Airtech Streamlining's Dustbin fairing on a MV Agusta 175
"Dustbin fairings were banned by the FIM in the years after WWII. It was a period of increasingly restrictive rules, as forced induction (i.e., turbo-charging and supercharging) was also banned. Nominally, the fairing rules were put down to ensure that motorcycles had adequate steering lock and were not imperiled by crosswinds. The truth is probably that the rules were British punishment for the Germans’ starting the war and the Italians’ role in it; the restrictions definitely extended the useful life of the British racing singles that made up the bulk of 350 and 500cc grids.
The rules that define legal motorcycle fairings have hardly been revised since. Both wheels and the rider need to be pretty much fully visible when seen from the side. I think it’s time to toss out these rules in MotoGP. If the rules were binned, it would not be long before we’d see a return to full—dustbin-style—fairings.
Airtech got this from a purchase of old molds that were from Greasy Dick Kilgore's Fibercraft. This beautiful dustbin fairing is fairly narrow but has worked on singles, twins singles, twins and four cylinders applications
Here’s why I think dustbins are an idea that should be saved from motorcycling’s, er, dustbin:
First, the original reasons cited for banning them no longer make sense, if they ever did. The steering-lock argument was a canard; race bikes need very little steering lock and in fact they get safer with less of it, not more. As for crosswind stability, that’s a problem that contemporary wind-tunnel testing and aerodynamic modeling should make entirely solvable.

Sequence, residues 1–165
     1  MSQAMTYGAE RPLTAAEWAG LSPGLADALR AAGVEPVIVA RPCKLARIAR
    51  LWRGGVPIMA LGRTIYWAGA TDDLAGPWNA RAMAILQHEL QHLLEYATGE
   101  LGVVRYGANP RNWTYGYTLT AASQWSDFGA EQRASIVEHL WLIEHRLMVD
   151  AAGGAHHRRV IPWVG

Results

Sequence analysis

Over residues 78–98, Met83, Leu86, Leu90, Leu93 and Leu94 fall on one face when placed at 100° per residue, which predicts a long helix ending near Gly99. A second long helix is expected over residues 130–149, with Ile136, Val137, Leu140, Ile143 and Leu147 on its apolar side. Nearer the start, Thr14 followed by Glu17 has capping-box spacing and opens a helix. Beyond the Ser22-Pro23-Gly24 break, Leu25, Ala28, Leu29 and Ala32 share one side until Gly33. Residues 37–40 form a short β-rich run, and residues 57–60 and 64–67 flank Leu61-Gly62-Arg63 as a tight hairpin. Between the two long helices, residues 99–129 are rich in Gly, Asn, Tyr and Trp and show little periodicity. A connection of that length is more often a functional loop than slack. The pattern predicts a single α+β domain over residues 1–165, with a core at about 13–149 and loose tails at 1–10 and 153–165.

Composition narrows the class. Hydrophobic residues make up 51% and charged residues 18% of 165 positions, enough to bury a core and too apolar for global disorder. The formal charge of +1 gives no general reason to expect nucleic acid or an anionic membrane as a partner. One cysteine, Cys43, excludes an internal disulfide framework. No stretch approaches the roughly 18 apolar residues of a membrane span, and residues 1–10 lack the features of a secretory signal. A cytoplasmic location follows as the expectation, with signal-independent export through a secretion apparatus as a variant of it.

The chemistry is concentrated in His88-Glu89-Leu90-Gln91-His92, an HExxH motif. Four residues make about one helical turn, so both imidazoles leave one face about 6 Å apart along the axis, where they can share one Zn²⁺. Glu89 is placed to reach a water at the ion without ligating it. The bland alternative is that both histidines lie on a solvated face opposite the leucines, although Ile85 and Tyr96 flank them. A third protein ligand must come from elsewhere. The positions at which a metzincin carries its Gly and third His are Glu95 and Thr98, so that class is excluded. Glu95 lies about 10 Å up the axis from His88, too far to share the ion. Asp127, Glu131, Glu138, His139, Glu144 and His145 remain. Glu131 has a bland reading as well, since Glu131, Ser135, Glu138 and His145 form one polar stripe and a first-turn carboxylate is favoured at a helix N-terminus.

Second, fully faired bikes would be a modern sponsor’s dream. Seamless rolling billboards with lots of logo space would make it easier for MotoGP teams to defray costs by attracting outside money.
The third reason is the most important; wide-open fairing rules in the prototype class would make MotoGP bikes and superbikes visually distinct. Although I am loathe to draw too many analogies between cars and bikes, the clear visual separation between Indy Cars and NASCAR, between F-1 and touring cars or rallying, between Top Fuel dragsters and Funny Cars, have all helped to build audiences who understand that both sides of those pairings are “top” classes in their own ways.
Right now, only real aficionados can tell the difference between superbikes and MotoGP bikes at a glance. Not only that, the two classes will tend to converge as manufacturers homologate production bikes with styling cues (those new shorty exhausts for example) and fundamental engineering (such as mass centralization) inspired by MotoGP research and development. If proddie machines echo MotoGP bikes, production-based superbikes inevitably will, too.
Over the last decade or so, we’ve seen the relative popularity (and viability) of Grand Prix racing and Superbike racing wax and wane. Right now, MotoGP seems dominant, but that championship faces rising costs (and the threat of shrinking grids). Although there are those who say that decreasing displacement to 800cc in 2007 won’t have any effect on speed, I think it will, at least at the more technical tracks. By contrast, World Superbike winter tests on new-gen Pirelli tires suggest that we’ll see some overlap in MotoGP-Superbike lap times. If the two championship’s bikes look the same and are equally fast, it’s vital that fans can see significant differences to avoid a situation in which our sport’s audiences cannibalize each other.
That said, at least at the faster tracks, the fairings would help MotoGP bikes make distinctly quicker laps, too. That would be good; it would emphasize the fact that ten million extra bucks buys something in the way of performance. But, it wouldn’t hurt superbikes; they couldn’t be blamed for not being as fast as the obviously space-age prototypes.
In the long run, I continue to believe that the best future for our sport is one with two equally prized road racing championships—a World Superbike Championship for production-based motorcycles (perhaps with even more restrictive rules than we currently apply) and a MotoGP Championship for wide-open prototypes.
Fans shouldn’t have to choose which championship they follow, any more than they have to choose between food and wine. The two should complement each other. Superbikes’ popularity will always hinge on the fact that fans can easily relate to racing on bikes like the ones they ride. MotoGP bikes should not just apply prototype technology, they should look different, too. Bringing back dustbin fairings would be the easiest way to achieve that goal."